68% of employees prefer to work for leaders who use social media (Source: Brunswick). CEOs with networks between 1,000 and 10,000 connections have the most active employees on LinkedIn – 9.4% of them share content there.
So, if you activate your leaders on LinkedIn, it may just encourage your employees to start posting, too.
In a recent LinkedIn Live, Sarah Goodall spoke to David Perry (aka Social Dave), Employee Advocacy & Social Media Strategy Manager at WSP about how to encourage leaders to be active on LinkedIn.
You can listen to the full interview below, or read the summary of what they discussed in this blog.
The Challenges Of Activating Leaders On Social Media
David explained that he wishes he could get all leaders active on social media, but that’s easier said than done.
It’s hard to get someone in a leadership position, who books their calendar in 15-minute increments, to put aside an hour to use a platform they haven’t used since applying for their role. Especially as they have to change how they use it and focus on using it as a conversation platform.
Some leaders will inevitably drop off; however, this is natural. It’s important not to shed too many tears over the ones who fall flat. Focus on helping the next one.
How To Convince Time-poor, Apprehensive Leaders To Be Active On Social
David advised focusing on the leaders who’ve shown an interest already. Maybe they posted on their timeline 2 or 3 months ago.
What prevents them from posting consistently? Find a cadence that works for them.
A lot of leaders and employees know that it’s important to be seen. To help convince them, David often positions it as:
‘If you’re not having those conversations, if you’re not posting that content, and our competition are, they’re having a conversation with our competitors. Are you comfortable with that?’
How To Support Leaders On SocialDavid has found that there can be a lot of hand holding involved to get them onboard.
You can’t just give leadership a recipe, forget about it, and have them still be posting consistently and getting great engagement in six months’ time.
To ensure consistency, David takes 15 minutes twice a month with leaders.
Prior to the meeting, he identifies articles they could share and gets them to read the article ahead of time.
In the meeting, they work on the text to go with that article. Some people will keep going once you stop doing this, others will fall flat.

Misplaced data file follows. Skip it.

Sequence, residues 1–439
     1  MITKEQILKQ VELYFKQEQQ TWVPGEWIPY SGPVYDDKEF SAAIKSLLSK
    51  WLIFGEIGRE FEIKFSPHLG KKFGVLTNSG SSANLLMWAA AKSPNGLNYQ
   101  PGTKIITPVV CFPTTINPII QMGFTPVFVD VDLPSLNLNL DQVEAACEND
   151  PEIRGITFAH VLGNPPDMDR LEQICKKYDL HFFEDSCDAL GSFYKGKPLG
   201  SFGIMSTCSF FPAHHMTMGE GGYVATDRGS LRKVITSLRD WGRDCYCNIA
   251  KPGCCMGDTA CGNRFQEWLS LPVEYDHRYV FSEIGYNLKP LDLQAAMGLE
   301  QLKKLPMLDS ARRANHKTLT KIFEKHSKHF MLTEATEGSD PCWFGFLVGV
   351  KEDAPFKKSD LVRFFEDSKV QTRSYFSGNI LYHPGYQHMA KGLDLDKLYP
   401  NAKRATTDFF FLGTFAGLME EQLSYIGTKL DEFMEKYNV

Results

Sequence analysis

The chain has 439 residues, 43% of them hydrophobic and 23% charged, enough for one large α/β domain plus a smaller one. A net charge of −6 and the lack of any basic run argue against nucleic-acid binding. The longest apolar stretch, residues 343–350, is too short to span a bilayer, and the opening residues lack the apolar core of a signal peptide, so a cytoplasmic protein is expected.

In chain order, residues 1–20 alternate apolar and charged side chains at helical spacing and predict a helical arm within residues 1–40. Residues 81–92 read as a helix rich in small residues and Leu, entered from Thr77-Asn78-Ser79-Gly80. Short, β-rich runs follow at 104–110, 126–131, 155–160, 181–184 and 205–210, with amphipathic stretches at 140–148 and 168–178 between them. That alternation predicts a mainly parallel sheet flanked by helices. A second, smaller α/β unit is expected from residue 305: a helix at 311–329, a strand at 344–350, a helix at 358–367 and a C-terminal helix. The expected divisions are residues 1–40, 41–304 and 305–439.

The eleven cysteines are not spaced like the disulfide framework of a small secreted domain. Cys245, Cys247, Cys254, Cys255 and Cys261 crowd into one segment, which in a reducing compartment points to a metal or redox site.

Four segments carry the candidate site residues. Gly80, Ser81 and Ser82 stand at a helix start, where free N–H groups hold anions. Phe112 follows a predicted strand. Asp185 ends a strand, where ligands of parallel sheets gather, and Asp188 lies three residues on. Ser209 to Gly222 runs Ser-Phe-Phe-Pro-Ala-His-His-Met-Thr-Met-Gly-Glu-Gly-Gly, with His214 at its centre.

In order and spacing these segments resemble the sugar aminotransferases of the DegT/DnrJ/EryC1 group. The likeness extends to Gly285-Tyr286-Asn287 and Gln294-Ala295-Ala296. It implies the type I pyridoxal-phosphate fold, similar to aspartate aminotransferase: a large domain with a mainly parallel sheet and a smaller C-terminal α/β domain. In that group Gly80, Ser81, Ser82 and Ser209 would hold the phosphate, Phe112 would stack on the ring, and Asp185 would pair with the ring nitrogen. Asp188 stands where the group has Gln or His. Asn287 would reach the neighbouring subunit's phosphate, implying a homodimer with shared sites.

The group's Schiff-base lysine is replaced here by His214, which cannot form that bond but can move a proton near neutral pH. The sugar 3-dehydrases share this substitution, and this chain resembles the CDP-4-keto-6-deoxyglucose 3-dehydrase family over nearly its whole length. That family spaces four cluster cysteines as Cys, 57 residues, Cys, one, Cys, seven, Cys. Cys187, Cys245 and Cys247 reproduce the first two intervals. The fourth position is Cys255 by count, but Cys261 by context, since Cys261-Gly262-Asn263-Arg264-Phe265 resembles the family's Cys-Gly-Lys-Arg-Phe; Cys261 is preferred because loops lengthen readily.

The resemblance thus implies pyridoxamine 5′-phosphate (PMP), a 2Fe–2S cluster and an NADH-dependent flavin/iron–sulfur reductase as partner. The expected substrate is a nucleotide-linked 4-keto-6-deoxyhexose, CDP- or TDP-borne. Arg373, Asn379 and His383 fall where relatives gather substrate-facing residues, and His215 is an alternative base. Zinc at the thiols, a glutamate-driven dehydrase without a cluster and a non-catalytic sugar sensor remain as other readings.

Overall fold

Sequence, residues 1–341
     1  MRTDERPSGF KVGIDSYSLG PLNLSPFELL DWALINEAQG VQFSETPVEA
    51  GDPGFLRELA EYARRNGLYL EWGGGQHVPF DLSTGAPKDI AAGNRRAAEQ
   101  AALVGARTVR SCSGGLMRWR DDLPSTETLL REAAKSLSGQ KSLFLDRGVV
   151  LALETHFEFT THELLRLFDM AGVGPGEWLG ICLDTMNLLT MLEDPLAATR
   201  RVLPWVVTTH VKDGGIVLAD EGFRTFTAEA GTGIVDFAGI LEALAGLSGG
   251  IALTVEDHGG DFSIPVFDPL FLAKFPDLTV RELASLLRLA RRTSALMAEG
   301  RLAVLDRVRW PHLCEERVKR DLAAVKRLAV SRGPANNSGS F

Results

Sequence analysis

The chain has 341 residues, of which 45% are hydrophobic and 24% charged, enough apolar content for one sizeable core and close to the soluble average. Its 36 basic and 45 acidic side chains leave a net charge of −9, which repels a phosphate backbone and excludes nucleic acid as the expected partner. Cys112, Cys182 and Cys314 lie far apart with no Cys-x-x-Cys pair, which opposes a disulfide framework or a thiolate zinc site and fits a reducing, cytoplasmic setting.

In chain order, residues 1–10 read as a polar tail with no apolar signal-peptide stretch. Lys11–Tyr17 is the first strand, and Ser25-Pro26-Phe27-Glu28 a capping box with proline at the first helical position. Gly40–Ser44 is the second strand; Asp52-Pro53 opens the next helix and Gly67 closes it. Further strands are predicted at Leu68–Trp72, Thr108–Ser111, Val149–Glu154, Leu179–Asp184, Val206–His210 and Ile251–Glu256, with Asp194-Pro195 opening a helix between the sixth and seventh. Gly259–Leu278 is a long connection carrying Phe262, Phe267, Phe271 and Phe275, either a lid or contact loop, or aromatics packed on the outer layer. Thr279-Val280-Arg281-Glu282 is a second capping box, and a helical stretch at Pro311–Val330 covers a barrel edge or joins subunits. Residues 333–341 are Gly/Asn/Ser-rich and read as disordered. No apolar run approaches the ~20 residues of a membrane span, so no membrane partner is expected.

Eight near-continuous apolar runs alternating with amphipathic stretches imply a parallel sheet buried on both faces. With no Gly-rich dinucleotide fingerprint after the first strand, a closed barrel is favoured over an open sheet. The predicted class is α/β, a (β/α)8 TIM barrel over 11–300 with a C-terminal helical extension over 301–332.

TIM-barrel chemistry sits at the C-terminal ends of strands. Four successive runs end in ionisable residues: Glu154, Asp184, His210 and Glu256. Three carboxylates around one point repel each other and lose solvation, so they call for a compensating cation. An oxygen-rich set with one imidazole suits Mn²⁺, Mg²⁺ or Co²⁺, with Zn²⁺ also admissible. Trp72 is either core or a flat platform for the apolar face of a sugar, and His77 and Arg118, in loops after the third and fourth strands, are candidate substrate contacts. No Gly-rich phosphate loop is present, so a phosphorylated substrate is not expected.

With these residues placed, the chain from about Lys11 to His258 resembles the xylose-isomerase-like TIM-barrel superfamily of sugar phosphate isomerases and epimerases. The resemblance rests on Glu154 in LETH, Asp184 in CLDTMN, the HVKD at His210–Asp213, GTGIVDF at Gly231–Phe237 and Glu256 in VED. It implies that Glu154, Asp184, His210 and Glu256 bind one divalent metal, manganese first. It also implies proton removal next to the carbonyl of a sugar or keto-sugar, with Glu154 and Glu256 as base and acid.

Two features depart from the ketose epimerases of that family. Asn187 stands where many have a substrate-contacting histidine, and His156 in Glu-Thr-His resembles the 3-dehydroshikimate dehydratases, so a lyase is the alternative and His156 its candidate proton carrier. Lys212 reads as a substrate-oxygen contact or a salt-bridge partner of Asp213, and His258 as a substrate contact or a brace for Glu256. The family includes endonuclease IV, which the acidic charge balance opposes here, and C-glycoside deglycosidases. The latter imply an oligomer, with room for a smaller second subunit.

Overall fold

The Leadership Void
David explained that we’re heading into a void of leadership. Baby boomers are about to retire in numbers we haven’t seen before.
There’ll be a vacuum; missed opportunities from current gen X leaders to be seen, heard, and rise to the top.
Millennials and gen Z aren’t looking to repeat what gen X or boomers did in terms of their careers. They know time is precious. To get the best out of your team you need to be present.
Remember the stat at the beginning of this blog: 68% of employees prefer to work for CEOs who use social? Well, this stat increases to 82% among employees aged under 24 (Source: Brunswick).
‘It’s a no-brainer. Be there, be present, and you’ll gain that recognition and start engaging with individuals who are early in their careers. You’ll have an impact on them.’
Becoming Best-in-class On LinkedIn
David uses the bell feature to get notified every time a leader posts. This ensures he engages with their content.
He can also share it with any relevant people who can help it get more engagement, such as marketing.
Leaders’ social media has a huge impact on the organisation, which is why he does this.
They’re visible to people outside of the organisation.
And in large organisations, leaders who are active on LinkedIn can also have a lot of impact on employees.
Using Generative AI Tools To Help Leaders Create And Distribute Content
David believes generative AI is exciting. But he cautions:
‘You can do wonders with a chainsaw or a hammer, but you can hurt yourself if you don’t know how to use it, or it can hurt the reputation of your company.’
AI tools can help experts who have difficulty laying words down in an interesting fashion because communication isn’t their forte.
But, as David explained, ‘authenticity is important’.
So, you still want to edit anything generative AI writes to sound like you because otherwise, it may sound robotic.
And, if your content uses words or structures, you’ve never used, your audience will notice.
Be sure to check any stats or sources that it comes up with, too, as these aren’t always accurate.
Activating Leaders On LinkedIn
When leaders are active on LinkedIn, it positively impacts employees and the employer brand.
Encouraging leaders to be consistently active on LinkedIn requires providing them with the right tools and support. That could mean explaining the benefits of using LinkedIn to them, offering adequate training, or showing them examples of other leaders who are successfully establishing themselves on social.
If you’d like help activating your leaders on LinkedIn, get in touch today to find out more about our leadership services.